Partially Powered Manhattan (Brendan Smialowski/AFP/Getty Images)

Being in NYC after the big devastation to many areas of New York and New Jersey was not as daunting as I had presumed it would be. I went in expecting there to be evidence of Hurricane Sandy's wrath ten-fold in Manhattan, and was only confronted by delayed subways. So I decided to dig deeper and investigate the areas that needed the most help, the people who were still left in pitch black, with no homes and cold. What I found was disheartening, hopeful and enlightened.

Blackout conditions in Manhattan (Allison Joyce/Getty-Images)
Carey Tunnel (Andrew Burton/AFP/Getty Images)
Seawater pours into the Ground Zero construction site in New York, on October 29, 2012. (AP Photo/John Minchillo)
Jersey Shore (Tim Larsen/New Jersey Governor's Office)
New Jersey Seaside Devastation (Tim Larsen)
New Jersey Seaside (NYDaily)
As this post-tropical storm wreaked havoc, it took the lives of close to 100 people in the US, destroying lives from Florida to Wisconsin along the way. It made record waves of nearly 14ft in New York, brought the city that never sleeps to a grinding halt, and forced over 400,000 people to seek shelter elsewhere but their homes. Sandy was blamed for more than 2.8 million outages across the northeast and the forced closure of all three of New York's major airports.

On the upside, there are many amazing projects in which many locals have been engaged. Here, a sense of community, in a place that often leaves me feeling inspired and alone, was evident, with many of my friends relaying stories about the people they met through volunteering and the lives changed through their compassion. I found that there were many ways that locals and outsiders can help in the cleanup and restoration of many of these places hit by Sandy, so if you are interested, instead of listing them, you can visit the CBS website for a detailed list of how you can help HERE.

Andrew Burton - Waiting for Gas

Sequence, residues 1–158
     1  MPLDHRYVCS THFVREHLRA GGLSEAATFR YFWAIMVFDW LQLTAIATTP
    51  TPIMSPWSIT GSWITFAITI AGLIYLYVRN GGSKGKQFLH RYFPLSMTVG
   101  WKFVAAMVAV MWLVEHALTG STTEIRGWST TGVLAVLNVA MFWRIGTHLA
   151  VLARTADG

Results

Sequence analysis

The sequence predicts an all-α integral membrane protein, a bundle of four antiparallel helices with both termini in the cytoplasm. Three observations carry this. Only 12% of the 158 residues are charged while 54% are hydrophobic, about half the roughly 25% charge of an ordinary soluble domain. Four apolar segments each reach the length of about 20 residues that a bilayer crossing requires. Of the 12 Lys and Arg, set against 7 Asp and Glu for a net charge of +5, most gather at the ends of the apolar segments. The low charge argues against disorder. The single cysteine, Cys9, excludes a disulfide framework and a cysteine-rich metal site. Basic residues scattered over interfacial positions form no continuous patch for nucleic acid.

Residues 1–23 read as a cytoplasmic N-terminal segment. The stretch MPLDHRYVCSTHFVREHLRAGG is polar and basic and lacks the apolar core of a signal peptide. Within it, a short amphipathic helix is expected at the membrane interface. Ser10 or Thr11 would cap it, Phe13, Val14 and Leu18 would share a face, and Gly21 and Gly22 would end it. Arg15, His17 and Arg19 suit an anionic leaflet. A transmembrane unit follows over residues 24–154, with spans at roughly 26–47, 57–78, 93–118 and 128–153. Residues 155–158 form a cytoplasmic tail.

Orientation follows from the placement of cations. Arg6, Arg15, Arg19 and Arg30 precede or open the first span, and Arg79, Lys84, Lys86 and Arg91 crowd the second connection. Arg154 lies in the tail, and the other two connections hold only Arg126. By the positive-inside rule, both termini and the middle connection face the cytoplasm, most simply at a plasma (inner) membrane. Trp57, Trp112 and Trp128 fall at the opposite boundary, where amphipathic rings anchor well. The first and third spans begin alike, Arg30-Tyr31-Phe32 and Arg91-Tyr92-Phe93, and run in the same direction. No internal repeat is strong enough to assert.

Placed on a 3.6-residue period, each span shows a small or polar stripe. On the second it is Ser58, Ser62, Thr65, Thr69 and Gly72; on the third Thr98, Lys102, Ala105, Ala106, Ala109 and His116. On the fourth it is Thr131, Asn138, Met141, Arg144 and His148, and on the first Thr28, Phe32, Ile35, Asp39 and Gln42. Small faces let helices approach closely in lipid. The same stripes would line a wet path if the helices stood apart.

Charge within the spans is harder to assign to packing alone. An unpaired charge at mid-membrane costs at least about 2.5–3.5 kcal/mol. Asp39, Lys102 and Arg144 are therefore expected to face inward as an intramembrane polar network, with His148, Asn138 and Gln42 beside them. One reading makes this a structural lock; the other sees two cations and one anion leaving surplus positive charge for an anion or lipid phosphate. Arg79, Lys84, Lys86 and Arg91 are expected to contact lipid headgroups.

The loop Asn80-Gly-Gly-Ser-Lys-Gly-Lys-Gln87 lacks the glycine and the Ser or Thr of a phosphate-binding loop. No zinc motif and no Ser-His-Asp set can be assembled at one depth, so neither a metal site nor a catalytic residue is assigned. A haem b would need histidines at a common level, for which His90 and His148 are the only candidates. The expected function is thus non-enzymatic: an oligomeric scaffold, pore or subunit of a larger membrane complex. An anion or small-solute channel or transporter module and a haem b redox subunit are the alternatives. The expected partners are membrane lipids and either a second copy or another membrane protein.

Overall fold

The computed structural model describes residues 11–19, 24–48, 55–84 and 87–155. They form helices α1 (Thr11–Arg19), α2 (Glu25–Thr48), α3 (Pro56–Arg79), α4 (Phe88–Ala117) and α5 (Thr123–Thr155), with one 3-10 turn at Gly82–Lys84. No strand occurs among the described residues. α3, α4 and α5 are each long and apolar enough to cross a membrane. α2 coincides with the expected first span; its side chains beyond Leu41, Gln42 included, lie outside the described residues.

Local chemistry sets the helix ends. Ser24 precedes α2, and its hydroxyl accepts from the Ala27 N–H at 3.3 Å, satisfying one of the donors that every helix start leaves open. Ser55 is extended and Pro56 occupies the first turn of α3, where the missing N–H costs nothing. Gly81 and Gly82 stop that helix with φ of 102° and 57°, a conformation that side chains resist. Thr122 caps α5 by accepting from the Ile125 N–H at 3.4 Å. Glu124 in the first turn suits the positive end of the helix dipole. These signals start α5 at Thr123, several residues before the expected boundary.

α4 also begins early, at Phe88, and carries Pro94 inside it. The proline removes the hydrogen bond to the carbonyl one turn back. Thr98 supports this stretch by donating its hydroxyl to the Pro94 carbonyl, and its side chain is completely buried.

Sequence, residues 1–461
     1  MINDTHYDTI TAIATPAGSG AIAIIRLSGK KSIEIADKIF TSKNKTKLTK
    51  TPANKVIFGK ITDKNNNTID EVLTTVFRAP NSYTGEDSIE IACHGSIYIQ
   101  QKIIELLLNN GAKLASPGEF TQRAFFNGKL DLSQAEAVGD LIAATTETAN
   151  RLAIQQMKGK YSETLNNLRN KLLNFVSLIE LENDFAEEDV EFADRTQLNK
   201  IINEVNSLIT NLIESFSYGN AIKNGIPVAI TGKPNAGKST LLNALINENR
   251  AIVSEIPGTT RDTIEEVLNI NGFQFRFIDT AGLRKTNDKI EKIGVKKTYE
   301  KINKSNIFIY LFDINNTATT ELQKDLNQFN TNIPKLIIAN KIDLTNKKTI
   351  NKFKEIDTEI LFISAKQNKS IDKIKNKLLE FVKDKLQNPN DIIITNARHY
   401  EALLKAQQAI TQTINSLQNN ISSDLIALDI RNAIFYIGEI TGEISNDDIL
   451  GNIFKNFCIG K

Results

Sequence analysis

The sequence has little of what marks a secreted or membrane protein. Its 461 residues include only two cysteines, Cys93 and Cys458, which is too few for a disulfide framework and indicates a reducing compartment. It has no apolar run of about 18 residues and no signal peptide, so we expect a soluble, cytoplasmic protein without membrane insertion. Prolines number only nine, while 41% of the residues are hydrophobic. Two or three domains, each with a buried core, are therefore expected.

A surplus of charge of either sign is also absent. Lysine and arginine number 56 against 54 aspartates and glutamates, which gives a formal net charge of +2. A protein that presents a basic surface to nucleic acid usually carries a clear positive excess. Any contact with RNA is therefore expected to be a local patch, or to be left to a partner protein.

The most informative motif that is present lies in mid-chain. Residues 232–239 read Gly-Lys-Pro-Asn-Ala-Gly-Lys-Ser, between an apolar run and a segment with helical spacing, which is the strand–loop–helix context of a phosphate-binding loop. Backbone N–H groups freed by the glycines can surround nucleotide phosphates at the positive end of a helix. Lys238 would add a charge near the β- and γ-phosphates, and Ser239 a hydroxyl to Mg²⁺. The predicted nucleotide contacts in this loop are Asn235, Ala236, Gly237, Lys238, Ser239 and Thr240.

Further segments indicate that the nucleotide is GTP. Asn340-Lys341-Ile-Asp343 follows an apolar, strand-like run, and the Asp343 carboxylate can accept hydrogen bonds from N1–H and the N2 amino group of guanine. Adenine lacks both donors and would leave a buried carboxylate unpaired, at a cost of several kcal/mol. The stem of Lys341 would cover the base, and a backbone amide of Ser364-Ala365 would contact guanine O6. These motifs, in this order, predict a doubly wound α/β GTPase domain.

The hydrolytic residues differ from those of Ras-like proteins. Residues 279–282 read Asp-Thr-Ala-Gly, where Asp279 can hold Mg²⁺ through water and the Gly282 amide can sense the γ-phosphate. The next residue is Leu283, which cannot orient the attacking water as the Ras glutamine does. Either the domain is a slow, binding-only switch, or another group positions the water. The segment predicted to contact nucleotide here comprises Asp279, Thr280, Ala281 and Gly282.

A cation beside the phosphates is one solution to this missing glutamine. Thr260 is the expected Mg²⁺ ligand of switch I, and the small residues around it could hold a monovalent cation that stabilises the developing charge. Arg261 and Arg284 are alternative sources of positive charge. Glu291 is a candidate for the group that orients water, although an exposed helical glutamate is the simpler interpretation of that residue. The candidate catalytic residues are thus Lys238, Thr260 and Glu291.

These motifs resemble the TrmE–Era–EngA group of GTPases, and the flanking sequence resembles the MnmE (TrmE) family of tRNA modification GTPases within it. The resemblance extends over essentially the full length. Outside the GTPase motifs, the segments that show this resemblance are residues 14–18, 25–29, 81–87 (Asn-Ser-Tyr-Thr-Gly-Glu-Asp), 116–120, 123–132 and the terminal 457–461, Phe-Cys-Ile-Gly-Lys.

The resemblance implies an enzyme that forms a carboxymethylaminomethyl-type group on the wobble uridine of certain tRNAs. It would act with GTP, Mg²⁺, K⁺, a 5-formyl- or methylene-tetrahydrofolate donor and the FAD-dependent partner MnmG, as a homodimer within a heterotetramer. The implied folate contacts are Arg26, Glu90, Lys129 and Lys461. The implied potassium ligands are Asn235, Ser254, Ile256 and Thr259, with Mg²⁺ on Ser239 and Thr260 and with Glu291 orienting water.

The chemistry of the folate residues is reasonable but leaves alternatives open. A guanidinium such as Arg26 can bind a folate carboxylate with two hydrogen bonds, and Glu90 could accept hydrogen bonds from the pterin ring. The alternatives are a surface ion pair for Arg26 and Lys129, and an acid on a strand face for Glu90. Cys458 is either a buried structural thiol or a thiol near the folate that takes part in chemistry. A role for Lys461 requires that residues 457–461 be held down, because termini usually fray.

REUTERS-Andrew Burton. Christine Wakefield, a volunteer, organizes donated goods that is being housed in an Metropolitan Transit Authority (MTA) bus in the Midland Beach neighbourhood of Staten Island, New York November 9, 2012.
A mother and her two children seek refuge in a Red Cross shelter - Red Cross
Finally, whilst many of us were preoccupied with the devastation in USA, most of us were not aware of the even greater damage it was having in the Caribbean, almost a week before it reached New York. With more than 69 people dead, and irreparable damages to homes, families, and cities Sandy struck way before she traveled northwards and found her media stardom. The most damages afflicted Haiti, Dominica, Jamaica, the Bahamas and Cuba. In Jamaica, 70% of residents were left without electricity. In Haiti, at least 54 people died, and 200,000 people were left homeless. In Cuba 11 people died and 15,000 homes were destroyed...and the list goes on in Puerto Rico, The Bahamas, the Dominican Republic, and Dominica all felt Sandy's wrath. In both Cuba and Haiti there have been reported food shortages and an increase in food prices, which further sets these countries back in terms of development. To volunteer in these areas remotely, OPERATION USA & the INTERNATIONAL MEDICAL CORPS are taking donations. You can also donate to the Red Cross and help in their goal to prepare Haiti in the short and long term.

Driving in Cuba - Ramon Espinosa/AP
Debris on the streets of Santiago de Cuba, Cuba - Reuters
UN Peacekeeper Stands near bridge washed away by Sandy Port-au-Prince, Haiti - Thony Belizaire/AFP/Getty Images
Red Cross Distribution of Food, Haiti - Thony Belizaire/AFP/Getty Images
Children on a cot whilst water raises in their home, Port-Au-Prince, Haiti. Dieu Nalio Chery/AP
Boy looks on as Sandy-made-river sweeps away his village. AP

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